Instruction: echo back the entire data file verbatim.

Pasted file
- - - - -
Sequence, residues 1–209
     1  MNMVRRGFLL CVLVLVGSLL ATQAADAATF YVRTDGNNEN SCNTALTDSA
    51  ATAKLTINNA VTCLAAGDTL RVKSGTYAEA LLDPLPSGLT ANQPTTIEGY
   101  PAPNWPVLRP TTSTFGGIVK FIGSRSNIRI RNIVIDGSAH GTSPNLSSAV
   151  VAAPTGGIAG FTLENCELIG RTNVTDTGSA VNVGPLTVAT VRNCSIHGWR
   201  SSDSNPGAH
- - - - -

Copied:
Sequence, residues 1–209
     1  MNMVRRGFLL CVLVLVGSLL ATQAADAATF YVRTDGNNEN SCNTALTDSA
    51  ATAKLTINNA VTCLAAGDTL RVKSGTYAEA LLDPLPSGLT ANQPTTIEGY
   101  PAPNWPVLRP TTSTFGGIVK FIGSRSNIRI RNIVIDGSAH GTSPNLSSAV
   151  VAAPTGGIAG FTLENCELIG RTNVTDTGSA VNVGPLTVAT VRNCSIHGWR
   201  SSDSNPGAH